Thursday, July 18, 2013

Work of Art

So, we're not exactly artists in our family.

I take that back -- Anna and my mom are both crafty, and both have an uncanny ability to paint and draw flowers.

Aside from that, the rest of us are pretty darned ordinary, when it comes to artistic ability. Some of us are well, downright bad.

I was always the kid who was the last to be finished in art class, begging the teacher to help me because I didn't quite understand what to do. Art was the only special I actually got a C in at one point. That's saying a lot, considering my abilities in phys. ed. (or lack thereof). Dan is far from artsty, but with his engineering background, at least he can envision and design objects in 3-D (the type of projects I stand there staring at because I just don't get what it is).

My dad? Let's just say for the longest time we had a game in our family called simply, "Drawing Contest." The point was to see who's drawing was so bad, it got the biggest laugh. The worst picture won. My dad took top honors, every time we played. He once drew a four-legged duck.

And so we move on to Ethan. Is it any big surprise that sitting and drawing or doing crafts is far from his favorite activity in the world? Every once in awhile, if Anna wants to play school, he will obligingly sit down at the table and follow her instructions for a simple craft. In preschool, his teachers agreed that he seemed to participate in craft and coloring time "under duress."

I remember years ago, watching one of those Desmond Morris documentaries about child development, that explored the way children from all over the world learned to draw in exactly the same way. They showed a fascinating progression of "people" drawings that morphed from big heads and stick feet to a head with torso and arms and legs, and eventually fingers and toes. Every child, from everywhere, learning exactly the same way.

And while apparently this is some sort of "innate" ability, I was glad that this past year in preschool, Ethan's class went over drawing people, step by step. He hasn't exactly gotten much practice. In fact, from the time he could talk until about six months ago, he'd never once initiated taking out a piece of paper and drawing or coloring.

So you can imagine my shock the first day he asked: "Mom, I want to draw a picture."

I was there in a flash, with paper and markers and crayons. I leaned over and watched was he was doing. After a moment, it became apparent. Of course. He was drawing a road. And then he wanted to add signs.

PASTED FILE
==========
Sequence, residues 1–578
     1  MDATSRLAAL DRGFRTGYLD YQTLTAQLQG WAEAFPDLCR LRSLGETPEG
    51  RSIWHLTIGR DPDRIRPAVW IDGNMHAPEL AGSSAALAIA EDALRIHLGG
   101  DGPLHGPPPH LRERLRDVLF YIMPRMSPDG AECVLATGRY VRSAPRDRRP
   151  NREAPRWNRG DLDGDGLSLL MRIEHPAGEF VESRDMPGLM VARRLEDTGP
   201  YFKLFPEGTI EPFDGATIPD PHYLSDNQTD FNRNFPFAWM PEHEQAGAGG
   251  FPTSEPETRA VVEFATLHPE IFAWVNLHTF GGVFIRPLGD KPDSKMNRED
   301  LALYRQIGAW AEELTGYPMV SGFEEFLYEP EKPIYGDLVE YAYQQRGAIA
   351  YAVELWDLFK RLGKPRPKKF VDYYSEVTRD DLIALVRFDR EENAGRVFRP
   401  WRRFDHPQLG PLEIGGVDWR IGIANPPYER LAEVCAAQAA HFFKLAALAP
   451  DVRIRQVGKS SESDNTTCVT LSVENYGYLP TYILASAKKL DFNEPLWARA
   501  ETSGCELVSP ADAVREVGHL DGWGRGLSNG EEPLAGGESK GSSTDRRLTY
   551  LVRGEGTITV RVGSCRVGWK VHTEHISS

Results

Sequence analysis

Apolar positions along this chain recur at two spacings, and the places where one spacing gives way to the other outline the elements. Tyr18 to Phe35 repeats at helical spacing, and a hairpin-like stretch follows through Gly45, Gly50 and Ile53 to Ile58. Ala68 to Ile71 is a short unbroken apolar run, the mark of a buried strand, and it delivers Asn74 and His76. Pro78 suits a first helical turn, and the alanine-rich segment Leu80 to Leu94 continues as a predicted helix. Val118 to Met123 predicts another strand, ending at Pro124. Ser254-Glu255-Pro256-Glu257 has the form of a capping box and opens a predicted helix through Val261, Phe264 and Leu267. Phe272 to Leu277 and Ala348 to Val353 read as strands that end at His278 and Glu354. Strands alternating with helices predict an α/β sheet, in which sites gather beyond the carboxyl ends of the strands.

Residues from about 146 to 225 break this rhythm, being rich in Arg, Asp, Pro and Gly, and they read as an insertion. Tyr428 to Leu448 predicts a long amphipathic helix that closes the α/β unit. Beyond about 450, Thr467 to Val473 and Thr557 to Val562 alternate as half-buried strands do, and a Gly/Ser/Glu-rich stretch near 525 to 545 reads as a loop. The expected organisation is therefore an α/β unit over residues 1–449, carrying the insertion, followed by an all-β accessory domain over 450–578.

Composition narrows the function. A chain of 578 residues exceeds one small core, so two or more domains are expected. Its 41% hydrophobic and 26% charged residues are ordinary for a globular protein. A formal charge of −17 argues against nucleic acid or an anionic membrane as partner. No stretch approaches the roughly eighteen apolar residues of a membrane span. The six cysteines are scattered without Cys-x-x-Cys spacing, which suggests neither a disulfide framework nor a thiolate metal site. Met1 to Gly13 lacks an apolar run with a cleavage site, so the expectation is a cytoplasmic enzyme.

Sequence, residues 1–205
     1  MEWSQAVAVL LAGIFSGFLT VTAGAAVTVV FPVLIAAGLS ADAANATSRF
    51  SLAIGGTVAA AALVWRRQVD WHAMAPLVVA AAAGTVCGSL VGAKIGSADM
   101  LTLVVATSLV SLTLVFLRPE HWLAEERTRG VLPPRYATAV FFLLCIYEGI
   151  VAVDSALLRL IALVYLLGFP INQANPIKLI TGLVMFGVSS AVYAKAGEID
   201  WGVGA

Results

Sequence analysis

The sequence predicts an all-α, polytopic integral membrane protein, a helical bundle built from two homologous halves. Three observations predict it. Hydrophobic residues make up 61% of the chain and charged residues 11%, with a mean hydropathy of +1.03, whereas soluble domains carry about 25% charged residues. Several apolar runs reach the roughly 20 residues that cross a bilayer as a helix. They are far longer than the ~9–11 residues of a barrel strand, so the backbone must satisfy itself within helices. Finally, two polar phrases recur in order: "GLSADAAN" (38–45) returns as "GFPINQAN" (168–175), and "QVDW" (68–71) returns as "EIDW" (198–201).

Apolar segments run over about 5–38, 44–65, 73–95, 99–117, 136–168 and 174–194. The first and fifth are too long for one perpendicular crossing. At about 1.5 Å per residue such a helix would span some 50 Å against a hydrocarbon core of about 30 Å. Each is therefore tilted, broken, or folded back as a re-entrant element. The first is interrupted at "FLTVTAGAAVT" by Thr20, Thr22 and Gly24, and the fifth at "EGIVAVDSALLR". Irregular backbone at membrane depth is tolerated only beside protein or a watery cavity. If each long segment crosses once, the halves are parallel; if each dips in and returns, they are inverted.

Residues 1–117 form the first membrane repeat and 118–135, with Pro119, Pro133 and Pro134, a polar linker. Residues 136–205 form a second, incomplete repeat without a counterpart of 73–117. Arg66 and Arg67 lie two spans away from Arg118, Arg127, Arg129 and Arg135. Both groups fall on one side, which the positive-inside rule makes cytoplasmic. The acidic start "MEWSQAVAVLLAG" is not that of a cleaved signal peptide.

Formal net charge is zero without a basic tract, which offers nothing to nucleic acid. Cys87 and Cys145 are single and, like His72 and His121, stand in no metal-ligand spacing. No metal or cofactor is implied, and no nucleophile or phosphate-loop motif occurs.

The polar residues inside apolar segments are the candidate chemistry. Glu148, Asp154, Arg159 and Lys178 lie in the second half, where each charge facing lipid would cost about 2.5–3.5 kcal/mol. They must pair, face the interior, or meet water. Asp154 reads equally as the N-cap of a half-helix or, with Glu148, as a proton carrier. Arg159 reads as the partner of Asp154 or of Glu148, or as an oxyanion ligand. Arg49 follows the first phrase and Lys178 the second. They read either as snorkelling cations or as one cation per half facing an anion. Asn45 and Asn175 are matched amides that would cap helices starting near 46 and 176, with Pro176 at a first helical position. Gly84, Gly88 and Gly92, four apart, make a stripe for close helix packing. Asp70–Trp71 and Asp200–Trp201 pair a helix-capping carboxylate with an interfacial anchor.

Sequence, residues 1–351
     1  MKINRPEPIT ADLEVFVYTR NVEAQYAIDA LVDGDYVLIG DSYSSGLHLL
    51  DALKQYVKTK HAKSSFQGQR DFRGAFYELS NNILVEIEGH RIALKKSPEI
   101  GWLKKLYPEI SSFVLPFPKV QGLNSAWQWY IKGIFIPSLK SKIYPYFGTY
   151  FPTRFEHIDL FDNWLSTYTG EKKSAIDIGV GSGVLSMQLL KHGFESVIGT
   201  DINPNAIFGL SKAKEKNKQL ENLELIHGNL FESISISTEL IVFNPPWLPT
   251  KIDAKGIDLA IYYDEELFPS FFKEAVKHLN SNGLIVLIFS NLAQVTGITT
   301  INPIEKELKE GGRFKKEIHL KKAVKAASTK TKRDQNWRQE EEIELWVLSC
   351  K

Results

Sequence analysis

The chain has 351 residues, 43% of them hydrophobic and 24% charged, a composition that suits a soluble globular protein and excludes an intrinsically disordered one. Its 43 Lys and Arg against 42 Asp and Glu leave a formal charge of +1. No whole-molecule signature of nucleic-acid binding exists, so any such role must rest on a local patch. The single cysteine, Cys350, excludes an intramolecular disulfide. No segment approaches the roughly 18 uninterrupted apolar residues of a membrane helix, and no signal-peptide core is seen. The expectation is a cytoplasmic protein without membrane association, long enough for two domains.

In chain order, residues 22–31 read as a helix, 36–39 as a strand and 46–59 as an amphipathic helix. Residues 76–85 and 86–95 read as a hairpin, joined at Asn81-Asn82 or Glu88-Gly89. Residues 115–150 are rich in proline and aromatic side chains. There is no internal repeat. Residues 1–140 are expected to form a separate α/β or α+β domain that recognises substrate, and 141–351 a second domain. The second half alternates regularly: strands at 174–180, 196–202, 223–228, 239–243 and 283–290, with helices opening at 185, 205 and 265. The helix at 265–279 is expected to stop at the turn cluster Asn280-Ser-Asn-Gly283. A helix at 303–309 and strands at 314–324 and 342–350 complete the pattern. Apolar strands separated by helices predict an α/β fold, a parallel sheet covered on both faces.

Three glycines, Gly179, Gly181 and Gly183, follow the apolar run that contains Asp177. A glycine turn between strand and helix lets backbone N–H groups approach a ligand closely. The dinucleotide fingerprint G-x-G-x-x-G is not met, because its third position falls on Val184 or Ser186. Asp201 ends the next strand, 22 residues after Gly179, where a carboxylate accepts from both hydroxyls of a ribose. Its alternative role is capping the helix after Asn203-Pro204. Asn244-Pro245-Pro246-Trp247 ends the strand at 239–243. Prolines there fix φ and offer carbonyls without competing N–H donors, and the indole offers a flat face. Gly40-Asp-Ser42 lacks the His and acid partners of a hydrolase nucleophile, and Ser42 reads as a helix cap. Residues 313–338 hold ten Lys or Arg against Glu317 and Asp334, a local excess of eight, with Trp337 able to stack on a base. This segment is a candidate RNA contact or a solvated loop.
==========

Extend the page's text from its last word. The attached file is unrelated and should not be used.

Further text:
Alas, that is one of the few pictures Ethan has drawn on his own (another involved a skunk and a tree, and another was me. I saved that one on our blackboard for weeks). You see, Ethan's a boy with a mission now, and his mission is to color or paint until every.last.bit. of white paper has disappeared.

"Mom, I want to paint a special picture for you!" Ethan announced the other day. Out came the paints and brushes. A few minutes later, he was all smiles. "Look at what I made for you!" he said proudly, holding up a paper for me to see. Orange paint was smeared everywhere, and dripping off the paper and onto the table. "I made one for daddy, too," he announced, nodding at a similar orange-ish, brown, dripping paper.

"Wow! What is it?" I asked, which was out of habit more than anything. He usually tells me it's a thunderstorm destroying everything. This time, though, he decided to be real rather than humor me.

"It's nothing," he said bluntly. "I needed to fill up all the white parts. Can we hang my picture up now?"

I gently explained we needed to let his picture dry, and he was off to wash his hands.

Looking over at the picture, I had to smile. Yes, this was the type of thing the developmental pediatrician would call a "hallmark of autism;" the lack of creativity, the sameness. And yes, I would love for Ethan to bring me pictures of smiling suns and cars and rainbows and stick people. I think he will. Maybe. After all, maybe he just really doesn't care for art like most of the rest of us.

But there was that excitement in his eyes and his voice. I can't deny that. Dr. Milanese should be here to hear that, too. There was excitement and enthusiasm for trying something new -- and for sharing his creation with his parents.

Maybe he's not creating masterpieces. But what he's showing us is beautiful.

1 comment:

Anonymous said...


I have Nathan's first and probably only drawing of stick people framed above my mantle. "It's a picture of Daddy, Mommy and Nathan," said Nathan.

It's all beautiful!! :)